My job and the small town was my little fish bowl and I had growing pains like a big fish, but was still mingling with the little fish.
Some of those little fish were demons from my past and some of those fish were friends stuck in the same losing streak.
I finally stopped drinking, but it wasn’t because of the heart-attack. It is funny when people finally “hit bottom” and how it can be unrelated to the main issue.
My bottom was feeling completely powerless. It wasn’t cool to be killing myself anymore and it turned me off finally.
Lesson #2 Hitting a “breaking point” in your life might not happen when you expect it.
Sometimes, we have to suffer longer until a new direction is revealed.
As the quote from Buddha states, “The teacher will appear when the student is ready.”
I was destroying myself literally and knew it, but didn’t stop until someone said something that threatened my Pride. Years of destruction abruptly ended by one sentence.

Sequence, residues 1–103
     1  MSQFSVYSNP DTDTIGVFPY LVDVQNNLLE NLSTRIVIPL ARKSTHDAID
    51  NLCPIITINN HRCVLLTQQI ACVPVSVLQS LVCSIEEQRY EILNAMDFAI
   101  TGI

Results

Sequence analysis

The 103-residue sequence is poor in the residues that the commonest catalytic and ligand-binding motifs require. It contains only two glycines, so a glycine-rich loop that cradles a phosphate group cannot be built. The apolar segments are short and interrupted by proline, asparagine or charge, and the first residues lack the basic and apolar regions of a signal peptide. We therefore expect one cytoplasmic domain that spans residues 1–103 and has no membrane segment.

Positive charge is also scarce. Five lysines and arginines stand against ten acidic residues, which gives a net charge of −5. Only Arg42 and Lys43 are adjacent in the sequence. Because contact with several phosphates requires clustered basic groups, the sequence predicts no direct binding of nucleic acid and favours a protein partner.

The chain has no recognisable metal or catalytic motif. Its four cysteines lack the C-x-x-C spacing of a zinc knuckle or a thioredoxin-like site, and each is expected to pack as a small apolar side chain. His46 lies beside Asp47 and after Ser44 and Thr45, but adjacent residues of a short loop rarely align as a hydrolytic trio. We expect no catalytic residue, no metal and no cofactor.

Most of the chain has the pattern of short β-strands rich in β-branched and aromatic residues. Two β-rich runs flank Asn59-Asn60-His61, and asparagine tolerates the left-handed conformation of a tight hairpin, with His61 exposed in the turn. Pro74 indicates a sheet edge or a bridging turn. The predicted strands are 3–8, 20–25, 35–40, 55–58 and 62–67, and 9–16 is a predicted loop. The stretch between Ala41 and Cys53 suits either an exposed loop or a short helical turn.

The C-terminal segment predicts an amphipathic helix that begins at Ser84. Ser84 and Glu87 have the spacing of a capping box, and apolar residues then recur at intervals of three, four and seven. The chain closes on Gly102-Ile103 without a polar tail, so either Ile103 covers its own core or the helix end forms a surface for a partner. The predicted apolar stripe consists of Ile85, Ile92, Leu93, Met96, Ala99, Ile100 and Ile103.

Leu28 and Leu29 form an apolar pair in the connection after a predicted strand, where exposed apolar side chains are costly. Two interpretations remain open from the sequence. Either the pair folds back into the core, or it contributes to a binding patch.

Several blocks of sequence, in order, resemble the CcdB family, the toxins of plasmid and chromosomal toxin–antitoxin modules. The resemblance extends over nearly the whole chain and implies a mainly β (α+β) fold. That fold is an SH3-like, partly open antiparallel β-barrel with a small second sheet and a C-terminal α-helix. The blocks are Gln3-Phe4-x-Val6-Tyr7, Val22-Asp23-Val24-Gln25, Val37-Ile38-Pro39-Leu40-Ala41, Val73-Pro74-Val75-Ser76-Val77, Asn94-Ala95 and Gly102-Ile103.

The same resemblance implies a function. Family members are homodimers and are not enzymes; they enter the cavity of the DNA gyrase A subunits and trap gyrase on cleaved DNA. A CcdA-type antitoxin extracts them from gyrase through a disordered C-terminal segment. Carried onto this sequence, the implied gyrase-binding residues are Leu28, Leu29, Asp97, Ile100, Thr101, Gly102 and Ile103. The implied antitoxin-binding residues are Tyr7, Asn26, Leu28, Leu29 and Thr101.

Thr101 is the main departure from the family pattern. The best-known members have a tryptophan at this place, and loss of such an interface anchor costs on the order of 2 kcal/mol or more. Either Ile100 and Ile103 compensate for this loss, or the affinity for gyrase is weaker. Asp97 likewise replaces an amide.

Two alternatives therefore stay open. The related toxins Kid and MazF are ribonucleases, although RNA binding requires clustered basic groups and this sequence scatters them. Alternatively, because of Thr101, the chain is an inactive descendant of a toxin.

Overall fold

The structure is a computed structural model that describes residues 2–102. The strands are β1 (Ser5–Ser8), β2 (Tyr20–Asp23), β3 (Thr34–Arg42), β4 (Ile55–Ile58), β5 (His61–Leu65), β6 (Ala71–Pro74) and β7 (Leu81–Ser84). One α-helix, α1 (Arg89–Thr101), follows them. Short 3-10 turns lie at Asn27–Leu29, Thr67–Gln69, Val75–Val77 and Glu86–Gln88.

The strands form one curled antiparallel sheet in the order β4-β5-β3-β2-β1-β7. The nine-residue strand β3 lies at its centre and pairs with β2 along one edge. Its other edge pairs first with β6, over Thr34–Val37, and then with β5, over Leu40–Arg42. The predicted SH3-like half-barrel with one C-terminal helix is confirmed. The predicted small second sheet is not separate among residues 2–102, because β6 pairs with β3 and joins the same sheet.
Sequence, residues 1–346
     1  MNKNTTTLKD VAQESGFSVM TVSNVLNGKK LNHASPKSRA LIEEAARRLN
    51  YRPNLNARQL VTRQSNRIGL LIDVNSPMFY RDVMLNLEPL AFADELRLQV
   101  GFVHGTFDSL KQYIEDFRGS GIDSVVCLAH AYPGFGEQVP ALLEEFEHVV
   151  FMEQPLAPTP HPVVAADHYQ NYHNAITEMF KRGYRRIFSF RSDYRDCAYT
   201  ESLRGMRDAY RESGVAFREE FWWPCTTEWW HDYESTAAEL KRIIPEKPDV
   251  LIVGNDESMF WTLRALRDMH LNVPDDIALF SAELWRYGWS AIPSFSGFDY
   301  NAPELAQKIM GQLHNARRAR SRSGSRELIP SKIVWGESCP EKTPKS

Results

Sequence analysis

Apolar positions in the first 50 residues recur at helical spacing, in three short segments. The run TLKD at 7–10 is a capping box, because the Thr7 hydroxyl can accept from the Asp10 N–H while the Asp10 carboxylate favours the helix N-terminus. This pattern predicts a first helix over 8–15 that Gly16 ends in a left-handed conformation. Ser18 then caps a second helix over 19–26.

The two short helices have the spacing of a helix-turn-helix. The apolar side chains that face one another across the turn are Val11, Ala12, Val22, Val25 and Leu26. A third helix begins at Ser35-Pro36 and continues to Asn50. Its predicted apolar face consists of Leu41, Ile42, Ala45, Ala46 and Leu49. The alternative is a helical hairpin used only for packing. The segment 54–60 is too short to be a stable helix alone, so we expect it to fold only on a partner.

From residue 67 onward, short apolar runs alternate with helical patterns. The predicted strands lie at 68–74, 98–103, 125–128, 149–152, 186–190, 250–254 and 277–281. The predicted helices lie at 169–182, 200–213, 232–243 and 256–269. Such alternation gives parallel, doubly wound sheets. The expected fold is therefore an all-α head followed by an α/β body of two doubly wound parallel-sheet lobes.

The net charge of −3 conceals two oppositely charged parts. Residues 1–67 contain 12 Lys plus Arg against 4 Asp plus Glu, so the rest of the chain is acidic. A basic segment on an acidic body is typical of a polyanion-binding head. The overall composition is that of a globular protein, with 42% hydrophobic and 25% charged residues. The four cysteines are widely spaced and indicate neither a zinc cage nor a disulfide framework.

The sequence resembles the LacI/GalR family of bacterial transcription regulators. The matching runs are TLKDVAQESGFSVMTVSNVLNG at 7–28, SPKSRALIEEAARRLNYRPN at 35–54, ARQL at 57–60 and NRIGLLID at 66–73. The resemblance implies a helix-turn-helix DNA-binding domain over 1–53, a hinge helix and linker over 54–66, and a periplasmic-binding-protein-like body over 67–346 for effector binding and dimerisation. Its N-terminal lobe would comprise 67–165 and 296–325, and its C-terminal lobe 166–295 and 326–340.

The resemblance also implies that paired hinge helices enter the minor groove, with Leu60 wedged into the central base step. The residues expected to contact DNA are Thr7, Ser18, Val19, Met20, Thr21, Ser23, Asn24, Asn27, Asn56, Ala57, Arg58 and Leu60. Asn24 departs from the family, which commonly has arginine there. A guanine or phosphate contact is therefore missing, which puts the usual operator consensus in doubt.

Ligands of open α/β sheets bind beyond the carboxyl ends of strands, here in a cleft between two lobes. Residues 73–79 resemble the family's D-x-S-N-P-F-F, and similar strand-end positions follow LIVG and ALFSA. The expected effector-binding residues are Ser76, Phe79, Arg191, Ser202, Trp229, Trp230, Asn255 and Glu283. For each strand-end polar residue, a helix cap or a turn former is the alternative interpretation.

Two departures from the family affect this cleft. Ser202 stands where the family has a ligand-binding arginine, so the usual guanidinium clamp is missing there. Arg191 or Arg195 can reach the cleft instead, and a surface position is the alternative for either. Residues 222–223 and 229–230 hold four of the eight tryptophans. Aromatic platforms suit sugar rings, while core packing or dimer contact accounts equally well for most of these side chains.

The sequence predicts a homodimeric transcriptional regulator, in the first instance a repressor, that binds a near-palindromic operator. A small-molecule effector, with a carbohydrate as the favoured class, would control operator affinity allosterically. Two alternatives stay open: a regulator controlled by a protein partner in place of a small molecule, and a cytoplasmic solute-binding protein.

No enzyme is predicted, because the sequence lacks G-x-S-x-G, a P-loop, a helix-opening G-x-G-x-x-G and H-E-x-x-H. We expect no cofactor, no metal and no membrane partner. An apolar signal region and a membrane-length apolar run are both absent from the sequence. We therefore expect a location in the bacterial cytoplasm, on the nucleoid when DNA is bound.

These “aha” moments can change your life for better or for worse in a split second. Find the “ahas” needed to catapult your life and business.
3. The Seemingly Insignificant Light at the End of the Tunnel
I was sober, but still in the little fish bowl trying to be a big fish. I knew I needed to rebuild my entire life, but didn’t know what to do.
Miraculously, a little book popped up into my awareness on the Internet and it was called “Think and Grow Rich.”
I read this book on the very first iPod in the dark RV that I lived in and clutched at its teachings and mysterious powers that seemed to come through the “Ether” as Napoleon Hill mentioned.
I couldn’t believe that my thoughts were dictating my future, but I slowly started to craft my thoughts and lo and behold my life got better.
I finally moved out of that town and created this Blog. I climbed up the Leaderboard in my primary company.
Lesson #3 One little book or video or sentence from someone can change your life.
We just need to always be “open” to new ideas and always question our motives and truly ask, “Am what I’m doing actually benefitting me or harming me?”